The Mighty Thor #345-348 – Just like his very first appearance in the comics, the machinations of Malekith the Dark Elf sets in motion the events that will lead to Ragnarok.

The Mighty Thor #363 – Kurse, the Dark Elf that was transformed into a juggernaut of wanton destruction makes an appearance in this film.

The Mighty Thor #118 – The fabled Odinsleep where once a year for 24 hours the All-Father enters a trancelike state of slumber to replenish his nigh omnipotent power.  During this 24 hours, Asgard is at its most vulnerable to its enemies and it is usually during this 24 hour cycle that they strike.

The Collector – During the end credits, the movie-going audience is introduced to Taneleer Tivan the infamous Collector, a cosmic elder that…well, he collects.

Captain America: The Winter Soldier – Though it is not my personal favorite film in the MCU, I will acknowledge that Winter Soldier is arguably the best film in the Infinity Saga.  The narrative, the acting, the structure, everything about this film transcends just being referred to as another “comic book movie.”  Like Christopher Nolan’s The Dark Knight before it, Winter Soldier is first and foremost a great film.   

The Comics that Inspired the Film:

Winter Soldier – This is, of course, the instant classic from Ed Brubaker that inspired the film, and of all the MCU movies, this one probably comes the closest to being an actual straight adaptation of the source material.

Steve Rogers: Super Soldier – The outfit Cap sports in this film was inspired by the uniform his comic book counterpart wore in this series. 

Captain America and the Falcon – When I very first began reading comic books oh so many years ago, the title of my favorite comic was not Captain America at the time, but actually it was called Captain America and the Falcon.  Like in the comics, in this film, Steve Rogers and Sam Wilson become partners and best friends.  Falcon has always been one of my favorite characters and it is awesome to see him portrayed so greatly on the Big Screen.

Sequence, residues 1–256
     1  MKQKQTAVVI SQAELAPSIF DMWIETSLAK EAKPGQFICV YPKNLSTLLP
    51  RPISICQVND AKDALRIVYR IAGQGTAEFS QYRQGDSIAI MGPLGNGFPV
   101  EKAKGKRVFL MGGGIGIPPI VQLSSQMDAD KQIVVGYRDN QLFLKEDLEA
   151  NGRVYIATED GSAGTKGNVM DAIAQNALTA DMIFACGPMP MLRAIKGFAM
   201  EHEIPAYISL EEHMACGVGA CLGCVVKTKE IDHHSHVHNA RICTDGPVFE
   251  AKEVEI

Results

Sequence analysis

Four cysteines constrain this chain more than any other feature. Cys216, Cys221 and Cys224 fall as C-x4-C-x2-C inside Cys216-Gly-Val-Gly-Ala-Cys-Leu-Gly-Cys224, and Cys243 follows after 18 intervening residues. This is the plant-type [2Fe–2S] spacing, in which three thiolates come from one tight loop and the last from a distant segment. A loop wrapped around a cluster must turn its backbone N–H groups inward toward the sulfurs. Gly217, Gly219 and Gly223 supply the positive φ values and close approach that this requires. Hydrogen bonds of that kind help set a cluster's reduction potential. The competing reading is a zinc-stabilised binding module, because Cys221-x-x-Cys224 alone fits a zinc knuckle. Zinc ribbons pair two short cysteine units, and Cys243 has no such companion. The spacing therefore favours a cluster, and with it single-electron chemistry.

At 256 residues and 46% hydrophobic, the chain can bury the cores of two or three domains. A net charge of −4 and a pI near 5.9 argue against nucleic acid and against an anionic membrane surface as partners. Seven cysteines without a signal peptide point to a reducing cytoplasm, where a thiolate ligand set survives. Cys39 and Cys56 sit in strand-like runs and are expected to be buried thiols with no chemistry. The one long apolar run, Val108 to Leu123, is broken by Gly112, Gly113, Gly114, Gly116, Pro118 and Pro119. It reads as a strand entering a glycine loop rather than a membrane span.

Batroc the Leaper – One of the Odinson’s favorite Captain America sparring partners shows up here.  He even comes back during the Falcon and the Winter Soldier Disney+ series.  Which made me happy.  That is until the unceremoniously killed him off for no good reason.

Nick Fury, Agent of SHIELD – 100% all the spy drama/cloak and dagger and 3-D chess going on between Fury and the clandestine organization known as Hydra in this film was inspired by classic Stan Lee and Jim Steranko tales. 

Guardians of the Galaxy – Easily one of the most enjoyable and funniest films in the MCU, Guardians features a wonderful cast of C-List heroes and villains that have endured in the pages of Marvel Comics for decades and become some of the most beloved by fans of the comics and the movies.